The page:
Bubbles and Financial Professionals

Utz Weitzel, Christoph Huber, Jürgen Huber, Michael Kirchler, Florian Lindner, Julia Rose

Research output: Contribution to JournalArticleAcademicpeer-review

Abstract

The efficiency of financial markets and their potential to produce bubbles are central topics in academic and professional debates. Yet, little is known about the contribution of financial professionals to price efficiency. We run 116 experimental markets with 412 professionals and 502 students. We find that professional markets with bubble drivers – capital inflows or high initial capital supply – are susceptible to bubbles, although they are more efficient than student markets. In mixed markets with students, bubbles also occur, but professionals act as price stabilizers. We show that heterogeneous price beliefs drive overpricing, especially in bubble-prone market environments.
Original languageEnglish
JournalReview of Financial Studies
Publication statusE-pub ahead of print - 2019

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Bubble
Experimental markets
Price efficiency
Market environment
Capital inflows
Financial markets

Cite this

Weitzel, U., Huber, C., Huber, J., Kirchler, M., Lindner, F., & Rose, J. (2019). Bubbles and Financial Professionals. Review of Financial Studies.
Weitzel, Utz ; Huber, Christoph ; Huber, Jürgen ; Kirchler, Michael ; Lindner, Florian ; Rose, Julia. / Bubbles and Financial Professionals. In: Review of Financial Studies. 2019.
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Weitzel, U, Huber, C, Huber, J, Kirchler, M, Lindner, F & Rose, J 2019, 'Bubbles and Financial Professionals' Review of Financial Studies.

Bubbles and Financial Professionals. / Weitzel, Utz; Huber, Christoph; Huber, Jürgen; Kirchler, Michael; Lindner, Florian; Rose, Julia.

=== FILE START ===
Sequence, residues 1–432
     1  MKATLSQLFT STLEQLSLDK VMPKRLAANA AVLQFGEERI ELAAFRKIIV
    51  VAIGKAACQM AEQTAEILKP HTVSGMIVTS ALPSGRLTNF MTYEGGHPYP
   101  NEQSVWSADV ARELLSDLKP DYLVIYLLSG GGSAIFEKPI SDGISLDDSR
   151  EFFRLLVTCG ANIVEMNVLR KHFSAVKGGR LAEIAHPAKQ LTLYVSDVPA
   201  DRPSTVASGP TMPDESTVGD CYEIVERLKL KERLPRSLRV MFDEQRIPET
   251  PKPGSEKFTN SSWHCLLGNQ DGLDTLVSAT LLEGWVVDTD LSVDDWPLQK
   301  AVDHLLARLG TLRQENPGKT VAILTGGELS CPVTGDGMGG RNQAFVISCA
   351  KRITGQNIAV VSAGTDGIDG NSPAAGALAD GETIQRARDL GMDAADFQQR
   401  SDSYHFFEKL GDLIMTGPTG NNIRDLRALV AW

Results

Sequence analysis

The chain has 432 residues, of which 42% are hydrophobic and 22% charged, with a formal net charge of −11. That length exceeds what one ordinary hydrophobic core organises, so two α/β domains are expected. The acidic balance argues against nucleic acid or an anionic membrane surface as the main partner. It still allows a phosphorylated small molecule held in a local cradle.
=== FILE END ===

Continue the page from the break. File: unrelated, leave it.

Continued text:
In: Review of Financial Studies, 2019.

Research output: Contribution to JournalArticleAcademicpeer-review

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AU - Huber, Christoph

AU - Huber, Jürgen

AU - Kirchler, Michael

AU - Lindner, Florian

AU - Rose, Julia

PY - 2019

Y1 - 2019

N2 - The efficiency of financial markets and their potential to produce bubbles are central topics in academic and professional debates. Yet, little is known about the contribution of financial professionals to price efficiency. We run 116 experimental markets with 412 professionals and 502 students. We find that professional markets with bubble drivers – capital inflows or high initial capital supply – are susceptible to bubbles, although they are more efficient than student markets. In mixed markets with students, bubbles also occur, but professionals act as price stabilizers. We show that heterogeneous price beliefs drive overpricing, especially in bubble-prone market environments.

AB - The efficiency of financial markets and their potential to produce bubbles are central topics in academic and professional debates. Yet, little is known about the contribution of financial professionals to price efficiency. We run 116 experimental markets with 412 professionals and 502 students. We find that professional markets with bubble drivers – capital inflows or high initial capital supply – are susceptible to bubbles, although they are more efficient than student markets. In mixed markets with students, bubbles also occur, but professionals act as price stabilizers. We show that heterogeneous price beliefs drive overpricing, especially in bubble-prone market environments.

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Weitzel U, Huber C, Huber J, Kirchler M, Lindner F, Rose J. Bubbles and Financial Professionals. Review of Financial Studies. 2019.